At a time when India hopes to conclude a free trade agreement (FTA) with the 10-member Asean on investments and services by December this year, differences in modalities related to movement of natural persons and intellectual property may act as spoilers.
Prime minister Manmohan Singh said at the recent ASEAN-India Summit in Phnom Penh, Cambodia, that he hoped to conclude the services and investment components of the FTA before December when the ASEAN commomerative summit will be held in New Delhi.
While New Delhi has been insisting that the ASEAN offer is mbelow expectations due to limited commitments offered by the association regarding movement of natural persons, ASEAN is insistent on removal of the category of intellectual property (IP) from the definition of categories of natural persons. Besides, there are other outstanding issues like definition of investment, exclusion of IPR, portfolio investments, claims to money, permanent resident and indirect expropriation.
India and ASEAN already have a trade in goods agreement in place since 2009, which focuses on tariff liberalisation on mutually agreed tariff lines from both the sides and is targeted to eliminate tariffs on 80% of the tariff lines accounting for 75% of the trade gradually. Moreover, India had entered into a liberal goods agreement with the implicit understanding that the balance will be achieved in the services negotiations with the 10-country trading bloc.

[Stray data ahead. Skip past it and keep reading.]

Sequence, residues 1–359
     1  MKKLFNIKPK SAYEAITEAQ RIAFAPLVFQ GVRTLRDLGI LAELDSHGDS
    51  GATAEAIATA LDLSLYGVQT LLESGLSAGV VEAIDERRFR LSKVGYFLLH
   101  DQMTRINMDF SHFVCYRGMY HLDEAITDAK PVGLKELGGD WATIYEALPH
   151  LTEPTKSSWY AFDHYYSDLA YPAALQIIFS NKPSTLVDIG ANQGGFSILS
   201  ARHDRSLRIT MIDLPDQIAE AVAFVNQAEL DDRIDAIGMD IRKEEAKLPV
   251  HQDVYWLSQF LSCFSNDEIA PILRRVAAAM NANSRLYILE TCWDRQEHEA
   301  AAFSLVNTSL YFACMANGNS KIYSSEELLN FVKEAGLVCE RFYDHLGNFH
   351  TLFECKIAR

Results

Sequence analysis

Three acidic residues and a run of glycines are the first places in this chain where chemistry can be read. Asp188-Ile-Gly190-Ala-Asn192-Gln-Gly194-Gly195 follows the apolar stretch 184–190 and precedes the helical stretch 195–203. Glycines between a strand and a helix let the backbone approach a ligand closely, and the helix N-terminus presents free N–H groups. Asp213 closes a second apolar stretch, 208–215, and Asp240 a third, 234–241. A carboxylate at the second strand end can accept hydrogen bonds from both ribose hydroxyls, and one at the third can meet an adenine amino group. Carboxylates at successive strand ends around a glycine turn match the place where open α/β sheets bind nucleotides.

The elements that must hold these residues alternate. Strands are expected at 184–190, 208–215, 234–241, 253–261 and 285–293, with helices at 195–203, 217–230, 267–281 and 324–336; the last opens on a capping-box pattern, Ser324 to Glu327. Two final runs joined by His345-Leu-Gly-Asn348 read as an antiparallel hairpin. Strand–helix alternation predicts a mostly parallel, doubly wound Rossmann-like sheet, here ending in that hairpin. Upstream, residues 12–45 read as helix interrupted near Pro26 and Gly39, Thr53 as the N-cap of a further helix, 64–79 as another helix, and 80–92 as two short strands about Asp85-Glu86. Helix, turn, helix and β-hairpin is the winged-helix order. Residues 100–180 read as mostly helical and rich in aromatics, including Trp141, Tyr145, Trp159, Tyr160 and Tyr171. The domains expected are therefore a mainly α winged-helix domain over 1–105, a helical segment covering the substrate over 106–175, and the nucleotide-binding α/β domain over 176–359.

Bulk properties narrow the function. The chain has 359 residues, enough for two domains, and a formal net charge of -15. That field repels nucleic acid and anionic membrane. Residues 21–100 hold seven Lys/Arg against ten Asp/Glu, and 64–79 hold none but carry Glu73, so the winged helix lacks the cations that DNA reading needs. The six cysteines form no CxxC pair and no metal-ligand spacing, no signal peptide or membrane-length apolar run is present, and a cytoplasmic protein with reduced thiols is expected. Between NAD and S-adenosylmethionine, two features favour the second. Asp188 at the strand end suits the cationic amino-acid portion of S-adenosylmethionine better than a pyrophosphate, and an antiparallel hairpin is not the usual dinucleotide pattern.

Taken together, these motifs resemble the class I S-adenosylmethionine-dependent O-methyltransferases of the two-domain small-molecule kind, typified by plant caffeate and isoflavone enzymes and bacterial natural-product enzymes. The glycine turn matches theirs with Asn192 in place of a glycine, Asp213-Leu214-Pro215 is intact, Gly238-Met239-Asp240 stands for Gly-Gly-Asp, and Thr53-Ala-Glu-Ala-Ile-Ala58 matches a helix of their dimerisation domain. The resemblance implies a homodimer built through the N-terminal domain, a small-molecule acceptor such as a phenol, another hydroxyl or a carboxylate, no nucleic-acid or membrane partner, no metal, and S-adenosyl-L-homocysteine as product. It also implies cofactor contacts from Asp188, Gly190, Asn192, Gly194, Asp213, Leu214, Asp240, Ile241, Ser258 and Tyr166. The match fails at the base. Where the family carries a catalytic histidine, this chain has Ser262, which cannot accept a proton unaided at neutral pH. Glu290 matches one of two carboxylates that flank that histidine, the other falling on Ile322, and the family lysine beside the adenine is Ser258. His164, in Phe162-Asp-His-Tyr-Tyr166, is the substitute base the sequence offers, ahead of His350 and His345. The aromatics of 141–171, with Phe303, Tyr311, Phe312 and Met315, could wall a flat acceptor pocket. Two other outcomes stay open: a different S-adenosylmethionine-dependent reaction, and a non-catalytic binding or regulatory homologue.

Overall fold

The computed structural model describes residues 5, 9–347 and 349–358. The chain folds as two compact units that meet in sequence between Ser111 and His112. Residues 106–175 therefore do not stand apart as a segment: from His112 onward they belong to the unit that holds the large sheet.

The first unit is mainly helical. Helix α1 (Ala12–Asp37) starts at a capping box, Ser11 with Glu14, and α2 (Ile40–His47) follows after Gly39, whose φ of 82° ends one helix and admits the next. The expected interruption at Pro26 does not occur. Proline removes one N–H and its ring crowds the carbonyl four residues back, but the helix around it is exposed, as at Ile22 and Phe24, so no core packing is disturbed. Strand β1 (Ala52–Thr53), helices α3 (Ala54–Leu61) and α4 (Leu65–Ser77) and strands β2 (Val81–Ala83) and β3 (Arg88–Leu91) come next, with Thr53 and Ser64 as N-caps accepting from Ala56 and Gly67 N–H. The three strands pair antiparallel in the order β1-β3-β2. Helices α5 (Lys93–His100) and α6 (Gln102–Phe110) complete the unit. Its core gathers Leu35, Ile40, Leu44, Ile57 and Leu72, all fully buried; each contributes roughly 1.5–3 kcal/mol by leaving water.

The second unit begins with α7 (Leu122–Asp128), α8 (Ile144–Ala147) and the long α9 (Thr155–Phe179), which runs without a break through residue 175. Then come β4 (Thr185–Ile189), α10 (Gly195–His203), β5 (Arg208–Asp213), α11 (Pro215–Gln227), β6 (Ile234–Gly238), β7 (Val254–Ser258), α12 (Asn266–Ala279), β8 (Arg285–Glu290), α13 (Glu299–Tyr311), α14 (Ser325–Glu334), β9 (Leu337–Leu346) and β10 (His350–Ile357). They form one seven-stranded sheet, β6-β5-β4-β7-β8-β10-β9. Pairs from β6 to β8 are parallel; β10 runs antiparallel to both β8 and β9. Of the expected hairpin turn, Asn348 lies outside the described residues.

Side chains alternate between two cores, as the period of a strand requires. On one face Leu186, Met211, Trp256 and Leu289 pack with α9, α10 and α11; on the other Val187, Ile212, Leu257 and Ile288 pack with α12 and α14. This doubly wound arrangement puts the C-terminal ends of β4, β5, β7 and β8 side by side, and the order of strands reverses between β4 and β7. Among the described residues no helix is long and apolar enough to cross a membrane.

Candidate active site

However, there are differences in modalities as far as the services and investment are concerned.
India has been asking for opening up of the Mode 4 category, which has been opposed by Indonesia and the Philippines because of unemployment issues in these countries.
“India had scaled down its request to the ASEAN-Australia-New Zealand FTA (AANZFTA) level and even this request was not accepted. The ASEAN offer is below expectations and they have offered very limited commitments in Mode 4 as detailed Movement of Natural Person Annex is not included,” said a commerce ministry official. Mode 4 covers natural persons who are either service suppliers (such as independent professionals) or who work for a service supplier and who are present in another WTO member to supply a service.
Besides, India is insisting on having at least a ‘limited’ Annex with common definitions for the various categories of natural persons on which future commitments can be made.
Incidentally, the Trade and Economic Relations Committee (TERC) headed by the prime minister recently suggested that since intensive efforts to narrow differences on investment have